26 March 2010, 4.36 CET
Tom Carson reviews Simon Winder’s Germania.
A highly successful review of a book “book about Germany by a writer who has never lived there, doesn’t speak [the] language, doesn’t seem to have met any Germans”, and wishes to completely ignore German history after 1933.
We spend far too much time puttering around in the former domains of petty princelings just because their careers or legacies are so “daft” and “fun” — two of the most overworked words in Winder’s vocabulary, betraying more anxiety than he may realize about the project’s attractiveness. The useful point he wants to make — that numberless pockets of Germany, often in poignantly thwarted form, refute the prevailing cliches — is undermined by too many what-a-good-time-I’m-having interjections, including the ineffably inept, “These places are like potato crisps in that there seems to be no upper limit to how many it is enjoyable to consume.” That kind of thing might do for patter on a jovial Discovery Channel doc, but it’s awfully grating in print.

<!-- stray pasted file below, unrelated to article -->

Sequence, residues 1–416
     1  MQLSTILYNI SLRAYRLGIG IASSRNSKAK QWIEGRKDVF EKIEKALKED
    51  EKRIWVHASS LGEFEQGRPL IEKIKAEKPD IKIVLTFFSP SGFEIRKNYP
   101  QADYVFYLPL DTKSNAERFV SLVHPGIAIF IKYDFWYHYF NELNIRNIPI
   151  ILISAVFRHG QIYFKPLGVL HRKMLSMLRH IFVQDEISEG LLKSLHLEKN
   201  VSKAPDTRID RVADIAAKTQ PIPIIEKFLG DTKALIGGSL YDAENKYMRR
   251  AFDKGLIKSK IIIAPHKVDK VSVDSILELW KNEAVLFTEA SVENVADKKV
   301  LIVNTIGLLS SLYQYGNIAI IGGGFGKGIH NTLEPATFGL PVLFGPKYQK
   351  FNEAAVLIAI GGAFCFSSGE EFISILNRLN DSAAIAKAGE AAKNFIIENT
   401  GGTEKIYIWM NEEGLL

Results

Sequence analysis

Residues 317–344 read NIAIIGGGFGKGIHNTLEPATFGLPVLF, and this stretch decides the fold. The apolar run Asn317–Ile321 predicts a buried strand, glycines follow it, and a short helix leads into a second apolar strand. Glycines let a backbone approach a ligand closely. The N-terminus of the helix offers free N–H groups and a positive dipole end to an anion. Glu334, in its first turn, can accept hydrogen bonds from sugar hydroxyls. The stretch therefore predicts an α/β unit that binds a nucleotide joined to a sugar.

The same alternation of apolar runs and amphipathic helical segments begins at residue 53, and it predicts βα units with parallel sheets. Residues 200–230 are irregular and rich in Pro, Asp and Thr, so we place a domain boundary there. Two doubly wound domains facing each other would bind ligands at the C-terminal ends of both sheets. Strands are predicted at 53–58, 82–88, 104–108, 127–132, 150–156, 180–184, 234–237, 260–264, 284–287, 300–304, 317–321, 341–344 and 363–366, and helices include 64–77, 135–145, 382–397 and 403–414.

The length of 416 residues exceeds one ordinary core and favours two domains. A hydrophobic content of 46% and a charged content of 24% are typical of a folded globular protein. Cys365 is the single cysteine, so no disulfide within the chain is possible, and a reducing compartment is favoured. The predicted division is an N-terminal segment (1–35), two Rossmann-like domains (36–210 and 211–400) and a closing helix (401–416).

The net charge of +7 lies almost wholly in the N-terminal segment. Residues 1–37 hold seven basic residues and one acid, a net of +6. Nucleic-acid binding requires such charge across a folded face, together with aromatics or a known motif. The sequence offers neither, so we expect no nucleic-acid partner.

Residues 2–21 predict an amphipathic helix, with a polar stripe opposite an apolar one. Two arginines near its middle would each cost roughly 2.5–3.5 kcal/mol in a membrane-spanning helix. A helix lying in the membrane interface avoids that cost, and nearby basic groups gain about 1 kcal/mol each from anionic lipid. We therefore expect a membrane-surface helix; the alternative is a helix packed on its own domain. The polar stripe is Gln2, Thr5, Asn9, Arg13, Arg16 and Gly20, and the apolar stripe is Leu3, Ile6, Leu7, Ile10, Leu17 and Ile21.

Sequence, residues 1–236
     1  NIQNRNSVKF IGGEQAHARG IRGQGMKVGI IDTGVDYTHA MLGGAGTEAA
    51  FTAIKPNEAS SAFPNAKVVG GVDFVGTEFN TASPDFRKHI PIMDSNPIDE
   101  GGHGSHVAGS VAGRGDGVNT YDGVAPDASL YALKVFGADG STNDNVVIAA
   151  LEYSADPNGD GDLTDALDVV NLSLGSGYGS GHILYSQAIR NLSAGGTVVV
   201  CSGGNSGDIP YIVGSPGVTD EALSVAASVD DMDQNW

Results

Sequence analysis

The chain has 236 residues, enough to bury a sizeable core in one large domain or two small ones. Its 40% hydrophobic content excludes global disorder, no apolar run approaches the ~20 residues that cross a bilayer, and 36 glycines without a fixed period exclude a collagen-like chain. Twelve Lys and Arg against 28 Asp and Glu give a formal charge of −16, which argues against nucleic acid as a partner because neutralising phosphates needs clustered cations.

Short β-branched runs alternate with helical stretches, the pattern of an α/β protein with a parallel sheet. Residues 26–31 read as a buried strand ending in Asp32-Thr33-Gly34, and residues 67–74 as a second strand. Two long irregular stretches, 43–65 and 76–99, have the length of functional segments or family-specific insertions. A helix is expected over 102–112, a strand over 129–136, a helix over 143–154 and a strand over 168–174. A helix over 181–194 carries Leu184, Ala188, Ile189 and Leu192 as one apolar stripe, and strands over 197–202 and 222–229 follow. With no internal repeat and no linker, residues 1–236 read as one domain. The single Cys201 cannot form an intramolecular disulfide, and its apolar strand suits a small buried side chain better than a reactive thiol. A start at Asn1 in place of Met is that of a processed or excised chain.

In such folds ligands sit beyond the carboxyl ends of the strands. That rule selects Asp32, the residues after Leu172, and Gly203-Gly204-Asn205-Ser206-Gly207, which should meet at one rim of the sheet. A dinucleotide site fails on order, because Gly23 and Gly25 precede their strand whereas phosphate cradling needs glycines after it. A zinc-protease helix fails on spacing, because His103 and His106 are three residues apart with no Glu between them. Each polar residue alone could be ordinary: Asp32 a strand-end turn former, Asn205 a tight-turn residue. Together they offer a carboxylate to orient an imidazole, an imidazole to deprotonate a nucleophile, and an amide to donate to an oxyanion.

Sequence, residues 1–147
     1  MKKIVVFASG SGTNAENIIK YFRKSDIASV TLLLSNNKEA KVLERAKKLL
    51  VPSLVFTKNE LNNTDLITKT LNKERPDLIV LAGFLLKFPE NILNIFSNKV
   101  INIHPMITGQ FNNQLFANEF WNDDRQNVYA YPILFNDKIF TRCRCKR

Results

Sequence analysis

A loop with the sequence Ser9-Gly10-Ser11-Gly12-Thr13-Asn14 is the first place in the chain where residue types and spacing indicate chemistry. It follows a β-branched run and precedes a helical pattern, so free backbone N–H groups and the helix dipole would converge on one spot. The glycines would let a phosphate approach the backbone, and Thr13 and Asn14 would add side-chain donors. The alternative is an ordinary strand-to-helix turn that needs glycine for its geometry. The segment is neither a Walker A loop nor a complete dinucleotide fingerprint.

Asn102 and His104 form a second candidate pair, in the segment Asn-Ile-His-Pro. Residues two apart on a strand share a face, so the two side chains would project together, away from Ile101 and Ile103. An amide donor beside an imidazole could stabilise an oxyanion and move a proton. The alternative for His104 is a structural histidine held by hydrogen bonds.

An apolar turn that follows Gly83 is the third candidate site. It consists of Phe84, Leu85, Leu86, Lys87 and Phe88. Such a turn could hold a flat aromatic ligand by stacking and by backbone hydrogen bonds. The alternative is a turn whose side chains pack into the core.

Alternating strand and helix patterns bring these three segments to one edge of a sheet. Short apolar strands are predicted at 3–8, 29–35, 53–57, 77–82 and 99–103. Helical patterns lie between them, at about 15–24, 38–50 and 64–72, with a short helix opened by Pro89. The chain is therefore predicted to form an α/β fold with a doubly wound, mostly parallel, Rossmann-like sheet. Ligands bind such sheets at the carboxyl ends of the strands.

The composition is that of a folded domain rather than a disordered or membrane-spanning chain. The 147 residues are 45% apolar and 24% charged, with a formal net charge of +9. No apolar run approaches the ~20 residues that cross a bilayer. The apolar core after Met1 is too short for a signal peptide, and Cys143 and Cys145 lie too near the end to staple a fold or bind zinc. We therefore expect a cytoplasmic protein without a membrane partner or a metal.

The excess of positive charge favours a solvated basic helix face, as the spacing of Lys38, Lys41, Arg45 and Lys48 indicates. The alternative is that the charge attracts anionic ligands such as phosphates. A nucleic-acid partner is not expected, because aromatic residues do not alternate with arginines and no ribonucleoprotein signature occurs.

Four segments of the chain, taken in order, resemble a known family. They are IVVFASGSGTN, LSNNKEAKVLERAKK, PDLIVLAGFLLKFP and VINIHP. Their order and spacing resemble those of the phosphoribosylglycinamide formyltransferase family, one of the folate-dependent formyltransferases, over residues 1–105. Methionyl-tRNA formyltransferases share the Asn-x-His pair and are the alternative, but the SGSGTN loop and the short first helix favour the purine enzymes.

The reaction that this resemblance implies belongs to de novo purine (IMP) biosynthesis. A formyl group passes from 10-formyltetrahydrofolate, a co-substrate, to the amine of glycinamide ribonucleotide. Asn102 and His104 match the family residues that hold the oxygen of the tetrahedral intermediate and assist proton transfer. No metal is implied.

His garrulity grows claustrophobic not least because the only live human being in Winder’s cabinet-of-wonders “Germania” appears to be Winder. With a few trivial exceptions, he never interacts with any native — and since most educated Europeans speak English, his inability to master foreign languages is no excuse. On top of that, our author’s day job in publishing not only makes him an habitue of the Frankfurt Book Fair but gives him a raft of potential contacts. Presumably, it would have been a breeze for him to arrange all sorts of daft or fun chats with German historians, journalists, museum curators, and the like.
Instead, we might as well be in a Twilight Zone episode where everyone but the narrator has gone mute. Especially given Central Europe’s history under literal autocrats, it’s hard not to wince when Winder — annoyed by the motley human clutter outside St. Stephen’s Cathedral in Vienna — fantasizes about “seeing troops in really beautiful uniforms . . . using canister shot to clear a path through the tour groups and farting breakdancers.” Clearly, he wants this theme park to himself.
/via The Browser, whose characterization of Mr Winder I quoted above.